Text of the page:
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There is a free download of that book you can find online (sorry, don’t remember the site).
It also had some other classics dealing with agroforestry, sustainable ag, etc.

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http://www.appropedia.org/images/d/d3/Onestraw.pdf

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I’d like to hear from anyone who used ducks in their orchard, and if they had good results in the control of the insect population, to the point of significantly reducing pesticide usage.

I’d think about ducks if they could significantly control insects, and I could do less work and less spraying of toxic pesticides, but if I have to do the same amount of spraying, then I don’t really see the point of getting them unless you already wanted them.

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What insects could we hope for a short, ground-dwelling animal to even theoretically be able to signficantly control? I would second what Jesse said about slugs: ducks really go after slugs. But from what little I know of PC, OFM, Japanese beetles, stinkbugs, codling moth… I don’t see the potential for a short, ground-dwelling animal to significantly control those fruit pests (or any others I know of), especially with low stocking densities or situations where the population of ducks wouldn’t completely overwhelm any available forage (including fruit pests), thereby rendering the forage of negligible value to the ducks. VSOP, I think the short answer to you question is that ducks aren’t going to satisfy your criteria. That’s not to say that ducks can’t make a lot of economic sense, but for ducks to make economic sense I think you’d have to place significant value on the duck meat (and eggs, etc.) and I think you’d also probably have to place more weight on the opposing cost of pesticides (externalized costs, unproven risks, etc.)

Ducks do love (much more than chickens, for example) things like Japanese beetles, June bugs… but unless you’re considering things like daily shaking your trees early in the morning (and possibly confining your ducks directly beneath particular trees) when such pests are a lot more likely to fall to the ground instead of just flying away, it’s hard for me to see ducks making much of a difference.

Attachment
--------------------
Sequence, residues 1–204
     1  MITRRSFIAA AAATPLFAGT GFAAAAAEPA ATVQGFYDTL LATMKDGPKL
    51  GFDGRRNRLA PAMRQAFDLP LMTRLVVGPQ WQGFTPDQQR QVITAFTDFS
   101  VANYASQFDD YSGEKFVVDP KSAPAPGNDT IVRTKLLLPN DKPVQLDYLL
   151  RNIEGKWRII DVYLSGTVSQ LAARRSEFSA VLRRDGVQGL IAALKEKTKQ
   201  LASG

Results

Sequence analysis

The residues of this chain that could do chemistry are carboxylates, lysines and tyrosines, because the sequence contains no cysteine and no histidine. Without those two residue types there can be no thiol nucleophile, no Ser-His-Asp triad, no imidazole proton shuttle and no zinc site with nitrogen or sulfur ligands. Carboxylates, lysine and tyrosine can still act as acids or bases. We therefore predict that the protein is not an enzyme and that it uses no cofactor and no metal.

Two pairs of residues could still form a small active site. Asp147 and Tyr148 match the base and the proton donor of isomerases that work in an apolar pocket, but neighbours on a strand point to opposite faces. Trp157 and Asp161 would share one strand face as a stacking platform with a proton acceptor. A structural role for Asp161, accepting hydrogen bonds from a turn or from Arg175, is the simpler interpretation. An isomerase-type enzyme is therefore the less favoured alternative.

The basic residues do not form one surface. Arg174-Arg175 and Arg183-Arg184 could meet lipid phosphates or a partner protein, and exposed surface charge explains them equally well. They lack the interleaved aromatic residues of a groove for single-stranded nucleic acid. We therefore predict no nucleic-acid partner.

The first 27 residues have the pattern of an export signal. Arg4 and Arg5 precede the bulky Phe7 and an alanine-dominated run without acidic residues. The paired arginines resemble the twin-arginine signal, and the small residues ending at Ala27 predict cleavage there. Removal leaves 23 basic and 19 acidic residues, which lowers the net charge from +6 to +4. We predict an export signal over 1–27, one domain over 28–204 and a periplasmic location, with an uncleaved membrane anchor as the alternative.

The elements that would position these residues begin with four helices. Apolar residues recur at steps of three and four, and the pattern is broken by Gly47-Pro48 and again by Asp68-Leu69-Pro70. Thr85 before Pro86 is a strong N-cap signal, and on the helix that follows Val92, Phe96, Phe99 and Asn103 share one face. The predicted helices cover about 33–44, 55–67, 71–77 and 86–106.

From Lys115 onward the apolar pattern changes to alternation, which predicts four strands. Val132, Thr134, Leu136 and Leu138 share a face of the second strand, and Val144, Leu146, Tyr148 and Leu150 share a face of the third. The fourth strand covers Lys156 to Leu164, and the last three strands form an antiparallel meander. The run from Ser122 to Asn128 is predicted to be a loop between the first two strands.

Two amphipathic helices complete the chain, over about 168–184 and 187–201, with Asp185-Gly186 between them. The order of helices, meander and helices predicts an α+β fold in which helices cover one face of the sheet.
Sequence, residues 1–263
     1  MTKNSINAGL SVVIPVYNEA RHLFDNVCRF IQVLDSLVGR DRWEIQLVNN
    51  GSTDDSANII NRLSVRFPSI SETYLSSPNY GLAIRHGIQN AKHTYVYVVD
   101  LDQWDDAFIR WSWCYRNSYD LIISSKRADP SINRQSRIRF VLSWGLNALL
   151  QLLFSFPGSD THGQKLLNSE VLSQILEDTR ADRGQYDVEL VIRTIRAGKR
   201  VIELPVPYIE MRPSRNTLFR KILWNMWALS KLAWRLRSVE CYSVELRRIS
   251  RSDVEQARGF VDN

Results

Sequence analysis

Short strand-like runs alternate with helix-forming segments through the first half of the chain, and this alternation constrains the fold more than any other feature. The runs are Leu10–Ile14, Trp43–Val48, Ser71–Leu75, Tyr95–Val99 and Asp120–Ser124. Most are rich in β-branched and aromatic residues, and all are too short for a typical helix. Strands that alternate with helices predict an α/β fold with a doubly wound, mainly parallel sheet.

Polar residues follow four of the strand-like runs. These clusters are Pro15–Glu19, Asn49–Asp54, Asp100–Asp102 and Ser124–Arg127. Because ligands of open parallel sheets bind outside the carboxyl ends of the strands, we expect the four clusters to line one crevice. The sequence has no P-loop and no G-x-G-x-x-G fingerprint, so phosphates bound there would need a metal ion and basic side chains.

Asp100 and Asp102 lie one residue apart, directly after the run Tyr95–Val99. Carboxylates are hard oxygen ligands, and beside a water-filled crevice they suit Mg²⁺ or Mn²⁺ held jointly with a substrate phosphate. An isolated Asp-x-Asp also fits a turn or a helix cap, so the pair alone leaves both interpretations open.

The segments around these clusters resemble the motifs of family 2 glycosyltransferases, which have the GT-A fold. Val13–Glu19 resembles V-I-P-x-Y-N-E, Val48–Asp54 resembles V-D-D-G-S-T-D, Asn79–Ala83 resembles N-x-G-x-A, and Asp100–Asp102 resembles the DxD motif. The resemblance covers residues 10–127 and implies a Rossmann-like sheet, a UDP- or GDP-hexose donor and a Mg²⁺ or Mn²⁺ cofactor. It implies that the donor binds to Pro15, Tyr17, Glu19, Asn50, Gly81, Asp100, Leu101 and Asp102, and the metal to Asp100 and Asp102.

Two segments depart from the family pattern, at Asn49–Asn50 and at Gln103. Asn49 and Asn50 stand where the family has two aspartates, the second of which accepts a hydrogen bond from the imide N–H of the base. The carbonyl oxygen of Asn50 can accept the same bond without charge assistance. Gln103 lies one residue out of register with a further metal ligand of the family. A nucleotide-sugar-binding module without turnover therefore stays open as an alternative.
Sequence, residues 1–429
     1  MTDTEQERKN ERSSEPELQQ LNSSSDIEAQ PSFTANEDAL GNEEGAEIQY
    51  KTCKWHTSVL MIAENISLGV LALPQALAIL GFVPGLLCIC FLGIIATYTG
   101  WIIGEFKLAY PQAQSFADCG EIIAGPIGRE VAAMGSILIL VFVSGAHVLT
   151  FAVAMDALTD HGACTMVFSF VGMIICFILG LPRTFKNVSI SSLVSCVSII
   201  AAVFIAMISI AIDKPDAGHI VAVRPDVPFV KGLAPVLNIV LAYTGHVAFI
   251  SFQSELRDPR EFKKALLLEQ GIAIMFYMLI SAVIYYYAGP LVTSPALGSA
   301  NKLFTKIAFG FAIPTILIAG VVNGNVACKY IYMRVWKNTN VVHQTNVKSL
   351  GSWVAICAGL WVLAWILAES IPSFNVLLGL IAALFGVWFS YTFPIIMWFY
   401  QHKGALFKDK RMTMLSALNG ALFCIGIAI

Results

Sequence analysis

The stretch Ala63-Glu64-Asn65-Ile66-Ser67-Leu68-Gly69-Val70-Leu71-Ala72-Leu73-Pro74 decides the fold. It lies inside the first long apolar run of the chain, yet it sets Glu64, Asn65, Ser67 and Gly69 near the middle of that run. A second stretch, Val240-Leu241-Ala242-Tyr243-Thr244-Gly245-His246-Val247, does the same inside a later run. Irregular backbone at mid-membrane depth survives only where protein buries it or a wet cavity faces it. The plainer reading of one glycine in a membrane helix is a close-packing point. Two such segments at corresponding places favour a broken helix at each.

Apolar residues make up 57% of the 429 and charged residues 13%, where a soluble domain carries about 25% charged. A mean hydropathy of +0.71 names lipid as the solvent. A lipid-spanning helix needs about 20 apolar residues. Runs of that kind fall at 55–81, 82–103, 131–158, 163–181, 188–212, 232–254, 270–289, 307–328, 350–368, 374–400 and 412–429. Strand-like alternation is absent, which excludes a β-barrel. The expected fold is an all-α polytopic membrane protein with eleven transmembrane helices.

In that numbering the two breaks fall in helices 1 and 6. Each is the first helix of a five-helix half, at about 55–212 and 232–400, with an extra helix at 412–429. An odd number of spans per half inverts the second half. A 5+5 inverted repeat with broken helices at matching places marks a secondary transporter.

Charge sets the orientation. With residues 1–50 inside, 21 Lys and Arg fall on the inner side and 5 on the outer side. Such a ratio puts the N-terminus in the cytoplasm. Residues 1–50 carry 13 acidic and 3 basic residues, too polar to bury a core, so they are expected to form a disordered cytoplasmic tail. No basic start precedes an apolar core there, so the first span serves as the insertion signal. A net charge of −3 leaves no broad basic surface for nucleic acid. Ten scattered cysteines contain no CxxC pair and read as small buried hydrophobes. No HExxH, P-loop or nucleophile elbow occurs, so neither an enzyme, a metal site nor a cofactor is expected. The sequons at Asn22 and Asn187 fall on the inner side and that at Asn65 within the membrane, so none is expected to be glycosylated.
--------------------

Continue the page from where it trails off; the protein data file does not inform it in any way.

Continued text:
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I want to add: as someone that has kept ducks, I’m inclined to think the benefit of orchard pests and other incidental orchard forage to ducks probably outweighs the benefit of ducks to the orchard, although there are certainly some benefits in both directions.

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I have a flock of Muscovys and highly recommend them. Any potential benefit of insect control is totally undermined by being unable to spray the trees where they congregate. On the other hand, they are entertaining, productive and delicious!

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We don’t have any pest pressure on the fruit trees etc. so my interest in ducks is purely for the weeding aspect. I can’t find much information on what weeds ducks eat so it will be trial and error next spring.

I looked up the Ancona duck, a very pretty bird.

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I’ve had ducks and geese for eggs most of my life. they don’t eat your fruit and leaves like chickens, scratch up your mulch and a lot more hardy as well. they eat mainly grass, bugs and grubs. they will eat broadleaf weeds if you feed it to them when they’re young. there is a hybrid 300 breed that lays more eggs than a leghorn chicken and gets good size for meat too. metzger farms has them. great foragers too boot! getting a doz. next spring. have khaki cambells which lay well but are very nervous. the hybrid 300 supposed to have a calm demeanor. i also raise mealworms to feed them as a supplement in winter. they love them! i too give them a kiddie pool when weather appropriate. they’re great to watch. comic relief!

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Thank you for taking the time to answer my question. I think the reason I asked is that when the subject of ducks and orchards come up, I’ve read a lot of people who just gush about how good the ducks are for the orchards and they eat soooo many bugs. (Not necessarily here, but from a number of different places.) And I thought to myself, “Huh. I didn’t think they would be that good except for maybe the manure.” But the more and more I’ve read about ducks and orchards, and the more people gushed, the more I felt compelled to ask. Because I’ve read many of these very positive accounts, but never read an actual account that quantified to what extent they were able to “help” the orchard.

You’ve confirmed what I thought all along, which is that ducks have a benefit, but it’s more an incidental one for people who already have/already want ducks.